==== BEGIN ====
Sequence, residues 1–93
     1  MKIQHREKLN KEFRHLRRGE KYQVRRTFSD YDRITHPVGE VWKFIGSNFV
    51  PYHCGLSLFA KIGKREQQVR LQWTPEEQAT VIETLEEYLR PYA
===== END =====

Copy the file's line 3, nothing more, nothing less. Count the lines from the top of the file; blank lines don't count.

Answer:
    51  PYHCGLSLFA KIGKREQQVR LQWTPEEQAT VIETLEEYLR PYA